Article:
Mississippi Blues Trail markersEdit
Several Mississippi Blues Trail markers are located in Clarksdale.
One is located on Stovall Road at a cabin believed to have been lived in by famed bluesman McKinley Morganfield, also known as Muddy Waters. Morganfield supposedly lived there from 1915 until 1943 while he worked on the large Stovall cotton plantation before moving to Chicago after mistreatment at the hands of a Stovall overseer.
In 2009, a marker devoted to Clarksdale native Sam Cooke was unveiled in front of the New Roxy Theater.
Clarksdale Walk of FameEdit
Established in 2008, the Clarksdale Walk of Fame are plaques located in downtown which honor notable people from Clarksdale. Honorees include John Lee Hooker, Ike Turner, Muddy Waters, and Sam Cooke.
The city of Clarksdale is served by the Clarksdale Municipal School District. The district has nine schools, including Clarksdale High School, with a total enrollment of 3,600 students. During the 1960s, the Clarksdale gained notoriety for being the first school district in the state of Mississippi to achieve SACS accreditation for both black and white schools, beginning the desegregation process in its schools.
Coahoma Early College High School, a non-district public high school in unincorporated Coahoma County, is located on the campus of Coahoma Community College, approximately 4.5 miles (7.2 km) north of Clarksdale.
The city is home to three private schools
- Lee Academy
- Presbyterian Day School
- St. Elizabeth's Elementary School
Born in ClarksdaleEdit
- Robert E. Bacharach – Circuit Judge of the United States Court of Appeals.
- J. T. Gray, NFL player
- Lerone Bennett, Jr. – scholar, author and social historian.
- Marco McMillian – slain mayoral candidate.
- Charles L. Sullivan – politician, attorney and military pilot.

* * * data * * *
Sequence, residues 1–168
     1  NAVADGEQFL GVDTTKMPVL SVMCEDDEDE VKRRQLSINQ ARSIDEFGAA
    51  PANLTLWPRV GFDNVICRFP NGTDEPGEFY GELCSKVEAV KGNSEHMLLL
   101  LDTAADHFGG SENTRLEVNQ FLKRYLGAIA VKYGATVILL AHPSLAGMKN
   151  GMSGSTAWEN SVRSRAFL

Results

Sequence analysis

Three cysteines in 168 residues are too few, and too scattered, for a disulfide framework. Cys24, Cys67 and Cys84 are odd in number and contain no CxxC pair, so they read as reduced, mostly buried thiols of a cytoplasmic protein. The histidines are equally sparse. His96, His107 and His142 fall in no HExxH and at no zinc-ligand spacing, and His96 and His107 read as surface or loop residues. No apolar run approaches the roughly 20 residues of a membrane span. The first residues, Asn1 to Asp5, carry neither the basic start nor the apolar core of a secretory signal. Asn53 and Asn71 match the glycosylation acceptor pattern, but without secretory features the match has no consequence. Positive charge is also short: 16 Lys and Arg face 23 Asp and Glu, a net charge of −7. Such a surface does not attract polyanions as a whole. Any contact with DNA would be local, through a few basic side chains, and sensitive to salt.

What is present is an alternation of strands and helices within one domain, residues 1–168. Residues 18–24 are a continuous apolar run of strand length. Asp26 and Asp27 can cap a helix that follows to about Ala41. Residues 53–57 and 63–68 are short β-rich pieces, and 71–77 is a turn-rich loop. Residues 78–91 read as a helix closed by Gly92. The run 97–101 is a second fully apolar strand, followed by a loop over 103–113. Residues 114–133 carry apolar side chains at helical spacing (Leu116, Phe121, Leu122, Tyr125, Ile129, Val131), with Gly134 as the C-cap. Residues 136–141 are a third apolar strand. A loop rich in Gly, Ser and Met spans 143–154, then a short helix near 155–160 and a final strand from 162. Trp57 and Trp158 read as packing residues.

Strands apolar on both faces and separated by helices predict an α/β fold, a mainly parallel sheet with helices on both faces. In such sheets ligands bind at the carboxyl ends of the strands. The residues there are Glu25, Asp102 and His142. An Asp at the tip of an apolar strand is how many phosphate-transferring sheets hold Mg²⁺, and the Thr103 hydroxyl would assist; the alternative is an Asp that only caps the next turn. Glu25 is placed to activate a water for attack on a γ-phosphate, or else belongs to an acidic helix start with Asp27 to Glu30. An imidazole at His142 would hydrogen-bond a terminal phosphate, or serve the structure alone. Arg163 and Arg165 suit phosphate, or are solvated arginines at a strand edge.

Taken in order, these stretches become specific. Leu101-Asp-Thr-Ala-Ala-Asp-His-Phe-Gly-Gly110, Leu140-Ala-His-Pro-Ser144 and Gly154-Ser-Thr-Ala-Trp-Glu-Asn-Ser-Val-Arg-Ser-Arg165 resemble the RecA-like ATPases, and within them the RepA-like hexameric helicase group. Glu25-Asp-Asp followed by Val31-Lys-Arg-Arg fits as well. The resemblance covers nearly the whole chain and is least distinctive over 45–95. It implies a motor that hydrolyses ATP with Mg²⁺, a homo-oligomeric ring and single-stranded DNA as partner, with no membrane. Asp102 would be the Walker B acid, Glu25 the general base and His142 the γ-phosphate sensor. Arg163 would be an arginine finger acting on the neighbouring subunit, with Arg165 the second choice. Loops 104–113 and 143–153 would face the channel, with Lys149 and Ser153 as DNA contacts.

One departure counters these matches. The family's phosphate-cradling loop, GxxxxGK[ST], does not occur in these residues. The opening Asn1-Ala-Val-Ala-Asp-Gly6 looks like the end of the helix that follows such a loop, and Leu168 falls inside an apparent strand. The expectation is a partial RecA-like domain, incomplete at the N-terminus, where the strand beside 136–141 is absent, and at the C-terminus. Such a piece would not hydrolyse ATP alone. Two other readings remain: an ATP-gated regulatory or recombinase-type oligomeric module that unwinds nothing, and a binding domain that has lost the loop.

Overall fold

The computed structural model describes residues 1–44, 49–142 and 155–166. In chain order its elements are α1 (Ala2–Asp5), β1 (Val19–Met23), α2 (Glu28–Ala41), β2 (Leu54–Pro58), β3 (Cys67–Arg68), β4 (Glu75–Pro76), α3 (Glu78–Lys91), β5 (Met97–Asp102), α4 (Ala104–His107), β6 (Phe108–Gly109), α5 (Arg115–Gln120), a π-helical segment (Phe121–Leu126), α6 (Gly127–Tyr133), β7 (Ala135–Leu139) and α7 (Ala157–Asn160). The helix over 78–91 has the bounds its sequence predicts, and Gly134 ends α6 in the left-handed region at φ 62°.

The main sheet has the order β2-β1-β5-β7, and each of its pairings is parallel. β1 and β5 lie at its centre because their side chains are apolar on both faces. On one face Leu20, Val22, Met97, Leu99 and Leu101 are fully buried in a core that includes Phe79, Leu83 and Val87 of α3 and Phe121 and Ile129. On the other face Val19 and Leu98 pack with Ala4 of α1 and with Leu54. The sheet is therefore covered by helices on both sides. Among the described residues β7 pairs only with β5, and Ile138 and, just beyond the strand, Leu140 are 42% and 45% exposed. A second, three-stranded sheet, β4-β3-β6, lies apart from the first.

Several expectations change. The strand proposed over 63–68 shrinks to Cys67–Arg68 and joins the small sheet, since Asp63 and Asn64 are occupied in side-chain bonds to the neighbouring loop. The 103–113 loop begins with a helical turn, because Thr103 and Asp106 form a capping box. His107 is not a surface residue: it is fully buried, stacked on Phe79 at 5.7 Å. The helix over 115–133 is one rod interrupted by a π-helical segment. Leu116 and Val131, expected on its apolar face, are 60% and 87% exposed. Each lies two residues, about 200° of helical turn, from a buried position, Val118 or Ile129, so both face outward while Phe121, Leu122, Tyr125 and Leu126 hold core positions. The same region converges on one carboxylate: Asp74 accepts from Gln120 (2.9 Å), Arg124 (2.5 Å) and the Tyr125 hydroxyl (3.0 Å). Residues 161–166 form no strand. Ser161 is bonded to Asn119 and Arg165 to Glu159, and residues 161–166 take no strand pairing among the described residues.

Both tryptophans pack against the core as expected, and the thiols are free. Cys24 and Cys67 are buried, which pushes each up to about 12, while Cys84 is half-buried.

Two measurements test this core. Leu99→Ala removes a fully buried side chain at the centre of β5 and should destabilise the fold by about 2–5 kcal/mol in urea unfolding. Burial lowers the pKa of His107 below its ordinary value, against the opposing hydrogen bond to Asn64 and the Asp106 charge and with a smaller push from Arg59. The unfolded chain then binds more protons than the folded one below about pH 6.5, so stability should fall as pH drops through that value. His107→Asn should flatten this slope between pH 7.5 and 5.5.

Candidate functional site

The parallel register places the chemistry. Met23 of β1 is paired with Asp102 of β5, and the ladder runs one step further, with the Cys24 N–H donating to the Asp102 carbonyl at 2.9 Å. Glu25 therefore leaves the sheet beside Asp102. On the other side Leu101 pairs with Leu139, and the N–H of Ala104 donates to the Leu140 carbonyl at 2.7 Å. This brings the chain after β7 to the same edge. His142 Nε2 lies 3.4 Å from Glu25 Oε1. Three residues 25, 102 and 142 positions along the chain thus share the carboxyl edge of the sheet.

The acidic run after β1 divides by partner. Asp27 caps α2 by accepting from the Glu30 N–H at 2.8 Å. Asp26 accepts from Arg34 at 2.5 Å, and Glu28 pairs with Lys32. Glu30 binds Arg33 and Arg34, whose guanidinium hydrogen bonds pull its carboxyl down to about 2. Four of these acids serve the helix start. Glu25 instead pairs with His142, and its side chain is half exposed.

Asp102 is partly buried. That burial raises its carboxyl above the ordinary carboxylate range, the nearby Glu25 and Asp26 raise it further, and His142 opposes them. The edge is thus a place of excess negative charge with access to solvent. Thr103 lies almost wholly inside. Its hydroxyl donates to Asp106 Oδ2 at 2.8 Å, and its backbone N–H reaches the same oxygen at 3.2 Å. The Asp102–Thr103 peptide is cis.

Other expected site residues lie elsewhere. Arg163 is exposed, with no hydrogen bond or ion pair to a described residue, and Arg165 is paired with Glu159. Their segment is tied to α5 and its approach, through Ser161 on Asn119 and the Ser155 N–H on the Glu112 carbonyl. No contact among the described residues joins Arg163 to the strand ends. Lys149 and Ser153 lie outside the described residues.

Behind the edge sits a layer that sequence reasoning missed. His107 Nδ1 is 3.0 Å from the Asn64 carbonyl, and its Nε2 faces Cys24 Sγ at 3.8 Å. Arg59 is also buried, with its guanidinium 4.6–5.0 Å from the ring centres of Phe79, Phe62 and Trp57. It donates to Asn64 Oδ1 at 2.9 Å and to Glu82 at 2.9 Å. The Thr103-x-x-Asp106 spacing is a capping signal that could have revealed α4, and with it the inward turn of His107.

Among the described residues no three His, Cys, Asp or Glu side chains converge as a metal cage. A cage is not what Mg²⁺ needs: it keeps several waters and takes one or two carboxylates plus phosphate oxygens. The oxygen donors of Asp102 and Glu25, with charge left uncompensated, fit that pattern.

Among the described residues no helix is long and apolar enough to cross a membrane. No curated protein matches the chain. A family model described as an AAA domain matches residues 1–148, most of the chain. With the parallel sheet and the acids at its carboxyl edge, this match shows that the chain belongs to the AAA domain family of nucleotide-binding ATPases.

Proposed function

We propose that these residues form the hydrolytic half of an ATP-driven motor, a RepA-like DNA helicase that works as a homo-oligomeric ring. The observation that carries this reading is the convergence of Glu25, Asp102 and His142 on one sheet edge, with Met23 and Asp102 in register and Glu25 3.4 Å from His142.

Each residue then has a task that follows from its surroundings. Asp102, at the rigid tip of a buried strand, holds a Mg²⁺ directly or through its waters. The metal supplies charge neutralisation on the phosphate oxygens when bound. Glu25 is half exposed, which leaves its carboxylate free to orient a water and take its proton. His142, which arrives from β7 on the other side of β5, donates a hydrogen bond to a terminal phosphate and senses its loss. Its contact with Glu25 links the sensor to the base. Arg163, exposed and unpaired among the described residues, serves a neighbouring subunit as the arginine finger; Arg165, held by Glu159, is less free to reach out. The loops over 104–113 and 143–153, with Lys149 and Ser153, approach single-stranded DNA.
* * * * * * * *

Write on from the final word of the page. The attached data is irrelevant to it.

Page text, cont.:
- Larry A. Thompson – Hollywood film producer, talent manager, lawyer, and author.
- Wright Thompson – senior writer for ESPN.
- W. Harry Vaughan – founded Georgia Tech Research Institute.
- Baseball players: Matt Duff, Cleo James, Fred Valentine.
- Football players: Ed Beatty, James Carson, Charlie Conerly, Eddie Cole, Harper Davis, Art Davis, Billy Howard, Terrence Metcalf, John Outlaw, Bobby Franklin, Mario Haggan, Darryl Harris, LaMarcus Hicks, Willie Richardson, Destry Wright, Trumaine McBride, Charles Mitchell, Roy Curry, Elgton Jenkins.
- Basketball players: Earl Barron, Earnie Killum.
- Boxers: Eddie Perkins, Alfonso Ratliff.
- Musicians: Eddie Boyd, Jackie Brenston, Eddie "Bongo" Brown, Willie Brown, Eddie Calhoun, Sam Cooke, Nate Dogg, Marshall Drew, Blac Elvis, Earl Hooker, John Lee Hooker, Son House, Christone "Kingfish" Ingram, Johnny B. Moore, Junior Parker, Mack Rice, Rick Ross, Brother John Sellers, Ike Turner, Robert "Bilbo" Walker Jr..
Lived or worked in ClarksdaleEdit
- Robert Brien - professional tennis player.
- Marshall Bouldin III – portrait artist.
- Earl L. Brewer – 38th Governor of Mississippi; buried at Oakridge Cemetery in Clarksdale.
- Gus Cannon – musician.
- Jack Cristil – radio announcer.
- William Stamps Farish II – president of Standard Oil, practiced law in Clarksdale.
- Morgan Freeman – Academy Award-winning actor, lived and owned a business in Clarksdale.
- Larry M. Goodpaster – United Methodist Church Bishop; former Clarksdale pastor.
- W. C. Handy – musician; lived in Clarksdale for six years.
- Aaron Henry – pharmacist, civil rights leader, and politician; born just outside Clarksdale.
- Robert Johnson – influential Delta musician; resident during the 1930s. Posthumous member of Rock and Roll Hall of Fame (1986)
- Trumaine McBride – football player.
- Charles Mitchell – football player.
- Anthony Steen – football player; graduated from Lee Academy
- Willie Morganfield - gospel musician.
- Jack Robinson – photographer, lived in Clarksdale as a child.
- Frank Stokes – musician.
- Wade Walton – musician and barber.
- Muddy Waters – musician, moved to Clarksdale as a child.
- Tennessee Williams – playwright, moved to Clarksdale as a child.